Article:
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SURGICAL TECHNOLOGY INTERNATIONAL XIII.

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$175.00

 

STI XIII contains 31 articles with color illustrations.

 

Universal Medical Press, Inc.

San Francisco, 2004, ISBN: 1-890131-09-1

 

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Surgical Overview

 

Training Competent Minimal Access Surgeons: Review of Tools, Metrics, and Techniques Across the Spectrum, of Technology
Ross D. Segan, M.D., Adrian E. Park, M.D.

 

Abstract

Technology has transformed the face of surgical technique among the disciplines of surgery. This revolution has created a strong demand from the public for the availability of minimally invasive surgical (MIS) interventions. Significant pressure has been placed on both industry and medicine to develop, test, and implement devices and procedures at a rapid pace. Unfortunately, this pace has at times surpassed the system's ability to train and prepare a corps of surgeons competent in both the technical and cognitive aspects of minimal access surgery. The economic constraints of surgical practice, coupled with recently introduced work-hour restrictions, have made the delivery of minimally invasive surgical education a challenging endeavor. Much work has been done in academic and private institutions to address this need. Solutions traversing the spectrum of technology have been developed, tested, and implemented in training. The purpose of this review is to highlight these solutions on the basis of their validity, utility, and overall contribution toward achieving the goal of producing competent minimally invasive surgeons. The body of literature suggests multiple valid training and assessment constructs exist. However, the overall utility of many validated "high-end" training technologies is limited by cost and access. Efforts should be aimed at creating valid training and assessment paradigms that can be applied by the broadest group of trainees, from medical students to surgeons, in active practice.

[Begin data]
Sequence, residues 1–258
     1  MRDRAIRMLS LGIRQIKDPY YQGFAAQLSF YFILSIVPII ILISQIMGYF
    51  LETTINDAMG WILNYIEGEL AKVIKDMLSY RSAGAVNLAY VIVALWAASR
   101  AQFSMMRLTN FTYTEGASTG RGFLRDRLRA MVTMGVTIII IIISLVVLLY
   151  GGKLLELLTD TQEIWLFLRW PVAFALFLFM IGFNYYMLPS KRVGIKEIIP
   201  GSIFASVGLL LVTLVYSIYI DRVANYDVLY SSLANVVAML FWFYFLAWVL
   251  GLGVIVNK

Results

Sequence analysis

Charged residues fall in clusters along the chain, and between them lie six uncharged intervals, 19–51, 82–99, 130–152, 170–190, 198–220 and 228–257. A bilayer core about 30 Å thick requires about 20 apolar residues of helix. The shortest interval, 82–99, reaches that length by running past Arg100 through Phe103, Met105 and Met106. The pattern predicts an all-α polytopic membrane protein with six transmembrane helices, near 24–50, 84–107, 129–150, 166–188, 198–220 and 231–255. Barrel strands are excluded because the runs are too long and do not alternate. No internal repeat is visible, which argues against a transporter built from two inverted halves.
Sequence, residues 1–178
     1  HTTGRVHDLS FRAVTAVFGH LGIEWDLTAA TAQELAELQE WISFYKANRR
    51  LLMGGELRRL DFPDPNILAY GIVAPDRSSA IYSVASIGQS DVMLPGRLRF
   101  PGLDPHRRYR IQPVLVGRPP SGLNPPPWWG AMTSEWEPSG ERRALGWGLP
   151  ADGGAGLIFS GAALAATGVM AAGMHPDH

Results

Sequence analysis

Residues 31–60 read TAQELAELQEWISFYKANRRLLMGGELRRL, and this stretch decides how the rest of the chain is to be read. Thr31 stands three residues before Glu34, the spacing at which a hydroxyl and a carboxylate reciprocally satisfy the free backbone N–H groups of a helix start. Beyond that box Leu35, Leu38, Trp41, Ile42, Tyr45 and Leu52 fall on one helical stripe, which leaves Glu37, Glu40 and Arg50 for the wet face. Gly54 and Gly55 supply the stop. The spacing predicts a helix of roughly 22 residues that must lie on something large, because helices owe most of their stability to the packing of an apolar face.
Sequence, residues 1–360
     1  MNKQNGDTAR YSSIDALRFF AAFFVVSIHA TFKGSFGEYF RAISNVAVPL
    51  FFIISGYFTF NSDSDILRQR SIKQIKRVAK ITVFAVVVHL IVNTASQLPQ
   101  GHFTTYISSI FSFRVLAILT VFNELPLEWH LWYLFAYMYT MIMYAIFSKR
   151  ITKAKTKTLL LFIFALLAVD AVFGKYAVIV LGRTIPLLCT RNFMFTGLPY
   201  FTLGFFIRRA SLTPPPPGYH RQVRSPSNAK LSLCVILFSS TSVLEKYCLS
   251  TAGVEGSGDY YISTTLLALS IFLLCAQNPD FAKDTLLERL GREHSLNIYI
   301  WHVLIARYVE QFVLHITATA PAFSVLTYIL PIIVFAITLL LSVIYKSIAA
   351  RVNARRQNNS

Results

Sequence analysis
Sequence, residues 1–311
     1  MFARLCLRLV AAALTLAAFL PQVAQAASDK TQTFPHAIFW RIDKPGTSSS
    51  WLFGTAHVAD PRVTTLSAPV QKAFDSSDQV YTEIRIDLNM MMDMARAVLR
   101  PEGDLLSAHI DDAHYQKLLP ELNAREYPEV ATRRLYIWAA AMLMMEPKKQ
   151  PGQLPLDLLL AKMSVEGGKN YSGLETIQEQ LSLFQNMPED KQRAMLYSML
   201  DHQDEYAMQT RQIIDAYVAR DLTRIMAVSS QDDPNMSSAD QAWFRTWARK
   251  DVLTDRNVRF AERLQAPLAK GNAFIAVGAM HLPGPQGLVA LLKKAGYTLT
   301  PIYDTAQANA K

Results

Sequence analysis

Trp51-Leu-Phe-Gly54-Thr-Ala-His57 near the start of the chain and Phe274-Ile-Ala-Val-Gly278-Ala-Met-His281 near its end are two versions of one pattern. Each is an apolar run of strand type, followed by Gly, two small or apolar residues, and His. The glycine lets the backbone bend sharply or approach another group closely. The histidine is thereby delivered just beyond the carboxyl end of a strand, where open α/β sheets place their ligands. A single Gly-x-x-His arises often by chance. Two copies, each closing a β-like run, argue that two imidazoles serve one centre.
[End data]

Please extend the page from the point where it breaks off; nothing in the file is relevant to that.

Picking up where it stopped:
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Preoperative Risk Factors for Postoperative Staphylococcus Aureus Nosocomial Infections
Sandy Fang, B.S., Dionne Skeete, M.D., Joseph J. Cullen, M.D., University of Iowa College of Medicine and Veterans Affairs Medical Center, Iowa City, Iowa

 

Abstract

Of the 40 million patients who undergo surgery each year in the United States, 20% may develop a postoperative nosocomial infection. Staphylococcus aureus (S. aureus) is the most common organism involved, and carriage of S. aureus in the anterior nares has been identified as a risk factor for these infections. Topical mupirocin applied to the anterior nares has been successful in eliminating S. aureus and decreasing nosocomial infections due to S. aureus. Concurrent use of preoperative chlorhexidine showers may further reduce the incidence of S. aureus surgical site infections (SSIs). In addition to treating the patient, active surveillance programs to eliminate nasal colonization in hospital surgical personnel have controlled outbreaks of S. aureus SSIs. Recently, a large study identified risk factors linked to S. aureus nasal colonization, which included obesity, male gender, and a history of a cerebrovascular accident. Protective factors included older age, current smoking, and alcohol use. Thus, by modulating these variables, investigators may create interventions aimed at reducing S. aureus nasal carriage and ultimately, postoperative nosocomial infections.